New Travel Ban Announced
The Trump Administration has unveiled new travel restrictions on certain citizens of Chad, Iran, Libya, North Korea, Somalia, Syria, Venezuela, and Yemen. Restrictions vary by country as follows:
Countries included in the new travel ban:
Chad: Suspends the entry of immigrants and temporary visitors on business or tourist visas (B-1/B-2).
North Korea: Suspends the entry of all immigrants and nonimmigrants.
Venezuela: Suspends the entry of certain government officials and their immediate family members on business or tourist visas (B-1/B-2).
Countries included in the prior travel ban, which are also included in the new travel ban:
Iran: Suspends the entry of immigrants and all nonimmigrants, except F (student), M (vocational student) and J (exchange visitor) visas, though they will be subject to enhanced screening and vetting requirements.
Libya: Suspends the entry of immigrants and temporary visitors on business or tourist visas (B-1/B-2).
Somalia: Suspends the entry of immigrants, and requires enhanced screening and vetting of all nonimmigrants.
Syria: Suspends the entry of all immigrants and nonimmigrants.
Yemen: Suspends the entry of immigrants and temporary visitors on business or tourist visas (B-1/B-2).
Iraq: While not included in the ban per se, requires enhanced screening of all individuals seeking to enter the United States.
Travel restrictions for nationals of Sudan, who were impacted by earlier versions of the travel ban, have been lifted.
The new travel ban goes into effect on October 18, 2017, however, the ban is effective immediately for anyone whose entry to the U.S. was previously barred by the administration’s prior travel ban (EO 13780) (i.e., nationals of Iran, Libya, Somalia, Syria and Yemen who do not have a bona fide relationship with a person or entity in the United States).
Until October 18, 2017, citizens of Iran, Libya, Somalia, Syria, and Yemen are exempt from the new travel ban if they have a “bona fide relationship” with a U.S. person or entity.
Unless an exemption applies or an individual is eligible for a waiver, the travel ban restrictions apply to individuals of the designated countries who:
- Are outside the U.S. on the applicable effective date;
- Do not have a valid visa on the applicable effective date; and
- Do not qualify for a reinstated visa or other travel document that was revoked under the prior travel ban.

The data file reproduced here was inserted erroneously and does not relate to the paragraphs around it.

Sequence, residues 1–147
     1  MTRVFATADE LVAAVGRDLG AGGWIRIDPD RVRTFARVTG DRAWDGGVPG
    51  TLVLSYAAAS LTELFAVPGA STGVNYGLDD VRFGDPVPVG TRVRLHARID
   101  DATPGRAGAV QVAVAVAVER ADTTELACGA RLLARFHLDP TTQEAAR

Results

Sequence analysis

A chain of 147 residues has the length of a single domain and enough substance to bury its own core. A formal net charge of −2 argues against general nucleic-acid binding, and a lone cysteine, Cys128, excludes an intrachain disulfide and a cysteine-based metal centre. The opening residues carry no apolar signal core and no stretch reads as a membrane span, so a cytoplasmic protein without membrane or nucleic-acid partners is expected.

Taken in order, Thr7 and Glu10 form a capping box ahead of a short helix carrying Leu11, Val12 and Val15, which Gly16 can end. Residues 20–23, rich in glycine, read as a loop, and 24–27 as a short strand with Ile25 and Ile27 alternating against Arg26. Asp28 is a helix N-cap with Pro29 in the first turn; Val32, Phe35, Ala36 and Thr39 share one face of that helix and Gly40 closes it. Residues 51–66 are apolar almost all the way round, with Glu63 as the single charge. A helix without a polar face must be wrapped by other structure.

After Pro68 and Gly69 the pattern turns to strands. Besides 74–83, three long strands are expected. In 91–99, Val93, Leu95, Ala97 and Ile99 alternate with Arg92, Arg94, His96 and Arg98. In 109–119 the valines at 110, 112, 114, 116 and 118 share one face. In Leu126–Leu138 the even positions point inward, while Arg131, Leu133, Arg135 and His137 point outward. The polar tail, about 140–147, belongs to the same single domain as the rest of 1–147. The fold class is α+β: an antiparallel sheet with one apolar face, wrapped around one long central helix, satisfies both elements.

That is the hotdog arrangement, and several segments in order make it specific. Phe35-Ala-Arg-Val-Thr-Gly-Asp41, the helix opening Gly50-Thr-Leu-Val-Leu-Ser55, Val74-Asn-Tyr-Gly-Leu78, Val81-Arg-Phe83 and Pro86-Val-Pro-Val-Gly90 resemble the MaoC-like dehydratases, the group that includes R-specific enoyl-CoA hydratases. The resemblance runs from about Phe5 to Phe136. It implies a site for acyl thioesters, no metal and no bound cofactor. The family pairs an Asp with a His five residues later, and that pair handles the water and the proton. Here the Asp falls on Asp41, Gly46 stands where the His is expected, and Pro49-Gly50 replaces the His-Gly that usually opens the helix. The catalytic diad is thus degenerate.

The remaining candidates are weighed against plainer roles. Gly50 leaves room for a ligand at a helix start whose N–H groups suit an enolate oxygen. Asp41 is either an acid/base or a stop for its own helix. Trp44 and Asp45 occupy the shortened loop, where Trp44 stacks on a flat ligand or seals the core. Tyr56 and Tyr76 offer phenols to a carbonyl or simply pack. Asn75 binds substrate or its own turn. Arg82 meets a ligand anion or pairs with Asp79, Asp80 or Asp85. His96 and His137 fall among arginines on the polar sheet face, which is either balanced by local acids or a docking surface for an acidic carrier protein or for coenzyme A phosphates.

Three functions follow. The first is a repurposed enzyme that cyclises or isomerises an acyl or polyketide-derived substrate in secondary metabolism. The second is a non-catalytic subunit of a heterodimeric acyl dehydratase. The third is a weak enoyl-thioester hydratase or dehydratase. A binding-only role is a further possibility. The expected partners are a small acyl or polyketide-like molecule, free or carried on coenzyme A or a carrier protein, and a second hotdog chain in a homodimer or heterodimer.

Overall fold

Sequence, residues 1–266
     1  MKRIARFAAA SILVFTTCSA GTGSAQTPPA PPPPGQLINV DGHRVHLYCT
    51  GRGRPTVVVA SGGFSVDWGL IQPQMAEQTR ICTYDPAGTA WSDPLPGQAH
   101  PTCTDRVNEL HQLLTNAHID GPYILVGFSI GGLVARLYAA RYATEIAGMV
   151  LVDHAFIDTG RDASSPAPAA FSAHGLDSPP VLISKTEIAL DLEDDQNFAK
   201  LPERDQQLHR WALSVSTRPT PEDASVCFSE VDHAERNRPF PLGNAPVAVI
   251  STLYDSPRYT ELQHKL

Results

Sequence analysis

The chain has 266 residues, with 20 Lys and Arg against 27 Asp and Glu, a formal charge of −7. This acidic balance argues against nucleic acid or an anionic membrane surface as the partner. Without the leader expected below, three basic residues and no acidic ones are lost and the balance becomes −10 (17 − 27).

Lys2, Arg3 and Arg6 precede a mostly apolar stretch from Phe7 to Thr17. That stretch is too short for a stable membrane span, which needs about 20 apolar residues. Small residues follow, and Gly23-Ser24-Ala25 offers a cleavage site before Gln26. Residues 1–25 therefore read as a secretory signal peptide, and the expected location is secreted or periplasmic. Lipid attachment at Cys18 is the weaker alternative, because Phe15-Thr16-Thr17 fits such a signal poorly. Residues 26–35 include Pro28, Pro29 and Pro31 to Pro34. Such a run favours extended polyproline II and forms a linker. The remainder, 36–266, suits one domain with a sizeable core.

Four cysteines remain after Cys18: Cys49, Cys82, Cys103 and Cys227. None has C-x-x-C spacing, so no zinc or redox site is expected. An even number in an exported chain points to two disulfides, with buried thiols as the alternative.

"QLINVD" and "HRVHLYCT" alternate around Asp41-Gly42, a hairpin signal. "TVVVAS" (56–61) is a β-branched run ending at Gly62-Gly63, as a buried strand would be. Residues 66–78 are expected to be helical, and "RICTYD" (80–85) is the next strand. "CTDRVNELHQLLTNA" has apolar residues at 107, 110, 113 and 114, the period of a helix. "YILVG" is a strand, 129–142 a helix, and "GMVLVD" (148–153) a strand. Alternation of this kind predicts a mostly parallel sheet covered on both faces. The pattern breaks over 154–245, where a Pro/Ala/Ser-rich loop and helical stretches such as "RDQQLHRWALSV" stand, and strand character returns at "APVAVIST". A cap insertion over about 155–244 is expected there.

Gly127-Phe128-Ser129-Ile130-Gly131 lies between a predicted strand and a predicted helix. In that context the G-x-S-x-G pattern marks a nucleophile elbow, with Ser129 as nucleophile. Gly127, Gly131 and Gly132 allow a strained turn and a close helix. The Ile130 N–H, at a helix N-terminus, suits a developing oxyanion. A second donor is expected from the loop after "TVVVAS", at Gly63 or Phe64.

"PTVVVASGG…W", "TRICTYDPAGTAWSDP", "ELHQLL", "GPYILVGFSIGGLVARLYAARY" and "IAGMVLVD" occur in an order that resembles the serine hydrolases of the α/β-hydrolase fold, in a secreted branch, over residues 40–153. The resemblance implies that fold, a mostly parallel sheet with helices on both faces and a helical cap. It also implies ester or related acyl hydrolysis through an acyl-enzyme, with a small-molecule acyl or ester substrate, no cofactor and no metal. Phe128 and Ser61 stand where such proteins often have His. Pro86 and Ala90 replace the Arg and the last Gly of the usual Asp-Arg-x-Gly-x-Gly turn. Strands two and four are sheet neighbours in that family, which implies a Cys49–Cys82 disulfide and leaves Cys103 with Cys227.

The new travel ban does not apply to:
- Lawful permanent residents of the U.S.;
- Individuals admitted to or paroled into the U.S. on or after the effective date of the new travel ban;
- Those with a document other than a visa that allows them to travel to the U.S. if the document is dated on/after the effective date of the new travel ban (such as an advance parole travel document);
- Dual-nationals traveling on a passport from a non-designated country;
- Individuals traveling on diplomatic visas, NATO visas, C-2/U.N. visas, or G-1, G-2, G-3 or G-4 visas;
- Individuals granted asylum;
- Refugees already admitted to the United States; or
- Individuals granted withholding of removal, advance parole, or protection under the Convention Against Torture.
A case-by-case waiver is available, but only for individuals who can show that being denied entry would cause undue hardship to the individual, that their entry would not pose a threat to U.S. national security or public safety and that their entry “would be in the national interest.”
The new travel ban does not impose new restrictions on refugees, however, there continues to be a 120-day halt on the entire refugee program. Refugees with a “bona fide relationship” with a U.S. person or entity are exempt from the ban. Per the U.S. Supreme Court’s September 12, 2017 order, a formal assurance from a refugee resettlement agency is insufficient on its own to establish a “bona fide relationship.”
Unlike the administration’s prior travel bans, these new country-specific travel bans are indefinite. While federal agencies must assess the bans every 180 days and recommend whether to continue, terminate, or modify the bans, there is no automatic expiration date for the bans. The DHS Secretary must affirmatively recommend ending them.
Excerpts from AILA Doc. No. 17092633